Is an after market tow package worthwhile?
I just ran across this ! This seems to be an industry with some deception. Look closely, they show a picture of a RAV and claim it can easily tow a 30 foot pop up camper. No wonder the definition of what is small in the minds of a perspective buyer can be skewed as making a sale seems to be more important then leading people down a path of poor towing choices.

If you tow a 30 foot, single axle trailer, you better not be going over 45 mph or you will get thrown off the road by the trailer. Single axle trailers are prone to whipping around, and the longer they are, the worse they are.

If you can find the tongue weight of the popup that would be a consideration for the need of an upgraded suspension.

Get as close to what the factory included in the Tow Package as you can, we stayed under 3,000lbs and actually more like 1700-2000lbs with our 1988 Grand Voyager with the factory tow package (rated that year for 4,000lbs but nobody took that seriously). These transmissions don’t exactly have a reputation for durability as is so a cooler and a little more frequent servicing would be a good idea. A small pop-up trailer probably isn’t too much heavier than our 16ft boat with a single axle trailer (Loaded for going camping the load was closer to 2000lbs)

I know you said you don’t want a new vehicle, but had you considered an even trade? We used a Chevy Astro AWD to tow stuff all the time. It was great and we never ever had a problem towing anything. Lasted a long time too. All the rear seats came out so it was like having all the benefits of a mini-van, but could have some of the benefits of a truck when needed.

No wonder the definition of what is small in the minds of a perspective buyer can be skewed

Exactly why my first question was- what’s your definition of “small”? You hit it on the head.

The people selling trailers will tell people what they want to hear. Which is why I believe the OP is MIA. Didn’t get the validation they wanted. Didn’t want to be told your new requirements don’t fit the vehicle you currently own.

Through conversations here, I have a pretty good idea regarding the capabilities and experience of the regular posters. I have no reservations about the skills and abilities of Whitey, dagosa, et. al. However, seeing the number of unknown to me people hauling all manner of questionable loads and towing very visibly unsafe rigs on a frequent basis makes me err on the uber safe side when offering advice on boards like this. My family is on the road too and I don’t want to encounter some dude thinking he’s A-OK when the trailer tongue is pointed down at 30 degrees, the front wheels are almost totally unloaded and the trailer is swaying back and forth behind that undersized, under-equipped minivan/SUV at 70 mph on the interstate…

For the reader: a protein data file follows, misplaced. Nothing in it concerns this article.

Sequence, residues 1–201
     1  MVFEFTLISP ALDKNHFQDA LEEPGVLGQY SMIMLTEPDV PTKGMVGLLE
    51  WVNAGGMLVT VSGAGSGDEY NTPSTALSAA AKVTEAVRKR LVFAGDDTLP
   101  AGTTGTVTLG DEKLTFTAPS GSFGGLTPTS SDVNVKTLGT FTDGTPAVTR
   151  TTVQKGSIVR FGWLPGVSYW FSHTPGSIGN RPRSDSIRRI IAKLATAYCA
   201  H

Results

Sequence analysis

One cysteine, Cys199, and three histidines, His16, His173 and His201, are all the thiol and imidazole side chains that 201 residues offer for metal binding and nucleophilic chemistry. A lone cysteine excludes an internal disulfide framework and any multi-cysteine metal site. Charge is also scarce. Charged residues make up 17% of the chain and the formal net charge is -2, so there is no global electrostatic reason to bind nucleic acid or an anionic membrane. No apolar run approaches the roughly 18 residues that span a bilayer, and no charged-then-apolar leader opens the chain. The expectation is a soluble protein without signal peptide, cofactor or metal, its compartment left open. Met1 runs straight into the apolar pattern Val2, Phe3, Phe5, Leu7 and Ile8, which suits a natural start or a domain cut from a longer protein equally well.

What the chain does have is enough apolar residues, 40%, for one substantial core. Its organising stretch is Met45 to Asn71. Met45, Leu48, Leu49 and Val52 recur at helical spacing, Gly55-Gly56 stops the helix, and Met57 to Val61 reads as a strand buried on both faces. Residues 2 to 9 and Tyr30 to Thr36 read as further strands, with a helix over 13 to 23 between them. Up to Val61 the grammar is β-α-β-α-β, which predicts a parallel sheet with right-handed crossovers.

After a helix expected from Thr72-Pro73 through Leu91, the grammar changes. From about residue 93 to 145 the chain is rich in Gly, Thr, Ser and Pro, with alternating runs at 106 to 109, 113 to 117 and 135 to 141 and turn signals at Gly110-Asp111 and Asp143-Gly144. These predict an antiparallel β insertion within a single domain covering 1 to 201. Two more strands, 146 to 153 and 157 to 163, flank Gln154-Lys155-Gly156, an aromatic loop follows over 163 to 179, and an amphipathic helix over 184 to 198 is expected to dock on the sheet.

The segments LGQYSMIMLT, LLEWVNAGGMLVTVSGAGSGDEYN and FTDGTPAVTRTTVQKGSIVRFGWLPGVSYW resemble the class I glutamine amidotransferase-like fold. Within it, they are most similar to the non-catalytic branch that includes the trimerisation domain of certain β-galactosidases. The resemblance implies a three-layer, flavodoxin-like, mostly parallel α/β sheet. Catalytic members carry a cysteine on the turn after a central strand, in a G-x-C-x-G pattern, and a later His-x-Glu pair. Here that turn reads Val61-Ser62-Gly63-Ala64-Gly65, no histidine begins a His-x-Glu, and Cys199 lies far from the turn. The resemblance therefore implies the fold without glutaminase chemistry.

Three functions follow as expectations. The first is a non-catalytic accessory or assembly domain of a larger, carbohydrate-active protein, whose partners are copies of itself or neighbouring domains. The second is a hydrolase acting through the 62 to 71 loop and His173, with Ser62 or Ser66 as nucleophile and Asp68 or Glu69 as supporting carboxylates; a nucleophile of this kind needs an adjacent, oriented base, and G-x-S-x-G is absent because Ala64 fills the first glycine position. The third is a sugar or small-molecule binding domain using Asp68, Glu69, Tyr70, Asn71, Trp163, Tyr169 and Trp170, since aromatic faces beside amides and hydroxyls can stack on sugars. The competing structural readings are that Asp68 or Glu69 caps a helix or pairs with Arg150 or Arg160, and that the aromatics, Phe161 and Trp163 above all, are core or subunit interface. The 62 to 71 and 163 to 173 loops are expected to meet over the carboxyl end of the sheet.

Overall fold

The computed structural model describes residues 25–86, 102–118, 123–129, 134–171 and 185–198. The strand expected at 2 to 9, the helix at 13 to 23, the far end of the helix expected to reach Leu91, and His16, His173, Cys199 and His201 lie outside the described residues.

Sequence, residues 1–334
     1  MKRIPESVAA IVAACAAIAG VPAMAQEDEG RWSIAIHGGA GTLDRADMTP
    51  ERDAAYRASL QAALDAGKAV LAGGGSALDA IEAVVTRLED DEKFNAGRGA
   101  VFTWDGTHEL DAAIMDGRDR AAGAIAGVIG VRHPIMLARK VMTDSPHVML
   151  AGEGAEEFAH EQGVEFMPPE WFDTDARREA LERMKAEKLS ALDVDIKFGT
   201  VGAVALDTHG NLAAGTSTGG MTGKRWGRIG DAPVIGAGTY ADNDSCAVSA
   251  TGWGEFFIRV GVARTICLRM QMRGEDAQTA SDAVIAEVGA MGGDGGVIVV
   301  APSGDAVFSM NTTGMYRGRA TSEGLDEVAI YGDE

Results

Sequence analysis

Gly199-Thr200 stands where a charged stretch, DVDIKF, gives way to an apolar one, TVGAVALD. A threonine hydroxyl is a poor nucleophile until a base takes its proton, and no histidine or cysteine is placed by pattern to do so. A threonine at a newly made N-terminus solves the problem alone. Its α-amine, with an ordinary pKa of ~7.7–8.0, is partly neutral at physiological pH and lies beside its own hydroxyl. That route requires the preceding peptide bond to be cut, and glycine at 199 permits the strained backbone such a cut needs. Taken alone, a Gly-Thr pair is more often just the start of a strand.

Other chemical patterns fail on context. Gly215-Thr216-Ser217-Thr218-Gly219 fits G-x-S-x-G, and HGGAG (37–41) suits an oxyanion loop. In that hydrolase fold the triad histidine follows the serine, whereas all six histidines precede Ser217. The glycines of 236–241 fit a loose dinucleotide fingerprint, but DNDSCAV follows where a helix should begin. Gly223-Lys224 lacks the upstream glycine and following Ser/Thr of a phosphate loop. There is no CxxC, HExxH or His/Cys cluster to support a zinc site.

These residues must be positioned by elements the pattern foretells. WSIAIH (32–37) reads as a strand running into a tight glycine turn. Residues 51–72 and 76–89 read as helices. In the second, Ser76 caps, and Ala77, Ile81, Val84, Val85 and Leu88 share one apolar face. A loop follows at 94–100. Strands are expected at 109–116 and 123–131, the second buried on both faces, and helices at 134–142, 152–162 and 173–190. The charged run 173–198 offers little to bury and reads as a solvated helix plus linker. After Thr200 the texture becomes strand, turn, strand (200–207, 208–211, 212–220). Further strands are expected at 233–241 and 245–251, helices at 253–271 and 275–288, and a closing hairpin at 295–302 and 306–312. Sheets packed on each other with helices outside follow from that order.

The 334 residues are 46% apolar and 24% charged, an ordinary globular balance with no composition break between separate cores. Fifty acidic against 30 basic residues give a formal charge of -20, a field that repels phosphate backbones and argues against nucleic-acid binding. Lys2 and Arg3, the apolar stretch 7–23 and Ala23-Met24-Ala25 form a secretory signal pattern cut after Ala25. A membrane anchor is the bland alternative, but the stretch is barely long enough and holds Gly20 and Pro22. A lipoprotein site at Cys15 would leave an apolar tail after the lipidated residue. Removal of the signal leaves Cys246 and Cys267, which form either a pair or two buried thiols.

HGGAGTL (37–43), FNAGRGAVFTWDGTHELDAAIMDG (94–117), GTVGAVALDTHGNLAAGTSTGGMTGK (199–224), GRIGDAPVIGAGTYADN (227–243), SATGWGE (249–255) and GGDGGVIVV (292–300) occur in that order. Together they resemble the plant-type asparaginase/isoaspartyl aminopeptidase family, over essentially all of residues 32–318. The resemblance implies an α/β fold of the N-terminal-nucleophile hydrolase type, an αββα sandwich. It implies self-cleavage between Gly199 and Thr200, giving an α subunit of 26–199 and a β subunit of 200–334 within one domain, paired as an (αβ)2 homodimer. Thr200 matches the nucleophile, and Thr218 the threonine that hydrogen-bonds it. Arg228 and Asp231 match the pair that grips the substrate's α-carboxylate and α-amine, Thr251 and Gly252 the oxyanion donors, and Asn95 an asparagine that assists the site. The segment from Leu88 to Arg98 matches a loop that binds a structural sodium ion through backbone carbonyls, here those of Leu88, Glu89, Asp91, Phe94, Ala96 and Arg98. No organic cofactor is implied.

I’m trying to decide what/if my van can safely tow and then will look at particular models of pop up. What further information were you looking for?

To the OP. I have a minivan and don’t load up the interior of it, and feel very comfortable towing behind it. No heavy loads, unbalanced loads, and give good stopping distance cushion when i do.

if you are careful, and truly mean you are driving a short distance (you said 100 miles or less/low rolling hills/relatively flat), go ahead.

after your first time, you will likely know if you are pushing it or not. You can always install everything later/piece by piece.

I don’t get carried away with over doing things, but i also am a cautious driver/courteous to what i am doing. If you likely speed, follow close behind, will likely load up the van and also load up the pop up camper…then don’t do this.

common sense trumps everytime.

Thanks, my thinking is, I would get the aftermarket tow package if it was worth it or not get a trailer at all.

remember, you said 50-100 miles, not cross country. or for hours on end. 1.5 hours each way is not that big of a deal. I drive a 1998 3.8L Grand Caravan w/o towing package. Just a hitch and lights. 160K miles and running strong…but i do it smart.

If you would take as much time and effort to actually READ the posts in your thread as opposed to posting links to definitions everyone here already knows the meaning of, you might know the answer to your last question. If all you want is people to parrot your own preconceived notions, carry on…

Even with an aftermarket tow package your minivan is a marginal vehicle for towing. Perhaps you should really check out the trailer and see if one that weights about 2000 lbs dry will have the size and features you want. You can add about another 1000 lbs of weight for the fluids and associated gear and supplies that will be packed in the trailer and the van. If you can’t find a suitable camping trailer that is 2,000 lbs or less then you need to rethink the tow vehicle before you buy the trailer.

Thanks for the input, folks, but it may be a moot point. As my wife was driving home today, a driver ran a stop sign and smacked into the side. No one was hurt fortunately. We’ll see if it’s totaled or not.

Thank goodness ! So glad she is well.

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